I finally did it! I now have two sweet Silkie chicks that I picked up on Saturday. The breeder, who lives west of town by a couple of hours, graciously met me halfway and we surreptitiously swapped money and chicks while dodging raindrops in the middle of a dance hall parking lot. I’ve been dancing ever since.
I’d been exploring the possibility of getting a couple of Silkies for the last year or two but it wasn’t until the untimely death of Coco that I decided to go ahead with it. I know, I keep replacing 1 chicken with 2 chickens, but it’s very hard to introduce 1 chicken by itself and Silkies are bantams, meaning they’re half the size of standard chickens, so these two really quality as just 1 “regular” chicken. Or so I rationalize.
Being the pampered pets that they will be, the selection of their names took me awhile. Four days in fact. I wanted to honor their Chinese heritage with their names, but the rest of my family looked at me as if I was crazy after each of my name proposals. So, after days of discussion, we’ve settled on names we’re all happy with: Jasmine and Isabelle.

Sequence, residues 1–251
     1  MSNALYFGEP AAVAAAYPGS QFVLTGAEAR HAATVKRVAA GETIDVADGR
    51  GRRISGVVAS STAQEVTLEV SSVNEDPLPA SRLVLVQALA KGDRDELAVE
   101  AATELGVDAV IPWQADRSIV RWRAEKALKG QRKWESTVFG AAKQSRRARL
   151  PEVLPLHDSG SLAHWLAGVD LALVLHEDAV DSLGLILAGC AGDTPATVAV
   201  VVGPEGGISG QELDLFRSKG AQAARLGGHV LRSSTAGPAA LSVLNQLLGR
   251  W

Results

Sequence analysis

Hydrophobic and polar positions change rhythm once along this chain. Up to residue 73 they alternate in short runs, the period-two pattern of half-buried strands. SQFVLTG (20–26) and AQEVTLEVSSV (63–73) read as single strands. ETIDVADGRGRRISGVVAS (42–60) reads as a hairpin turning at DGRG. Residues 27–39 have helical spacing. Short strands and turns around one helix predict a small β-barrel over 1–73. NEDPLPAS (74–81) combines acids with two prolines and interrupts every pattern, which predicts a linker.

They seem to like their names (we’ll call them Jazzy and Izzy for short), can’t bear to be separated from each other and tolerate the cats (and vice versa so far). They have a soft trill that sounds similar to Chickadees and they regularly sing throughout the day. I’m keeping them inside (caged) for a short while until they get used to me, before I introduce them to the outside and to the big girls. More fun ahead, so stay tuned.
Silkies are an ancient breed of chicken, originating in China, and first brought to the attention of the Western world by Marco Polo in the late 1200′s. “In that place there is an extraordinary phenomenon which is worth recounting. Would you believe, they have hens with no feathers but fur just like cats. They are black, with eggs like ours, and they are excellent to eat.”
Their feathers feel like fur because the feather barbs do not lock together resulting in their fluffy look and inability to fly. They are bred in this country to be small, have feathered feet with 5 toes instead of the more normal 4, turquoise earlobes, and their skin and bones are black. They are docile, friendly and lay small lightly tinted eggs. In China, Silkie chickens are prized for their meat and considered extremely healthful to eat. In fact, my first exposure to a Silkie chicken was in a Hong Kong market where the live chickens were caged in a butcher shop waiting to be selected by the customer.
My chickens will lead a far better life, running in the sun and being free. In fact, it’s warm and sunny out today, so I may try to start their introduction to the world of the backyard this afternoon.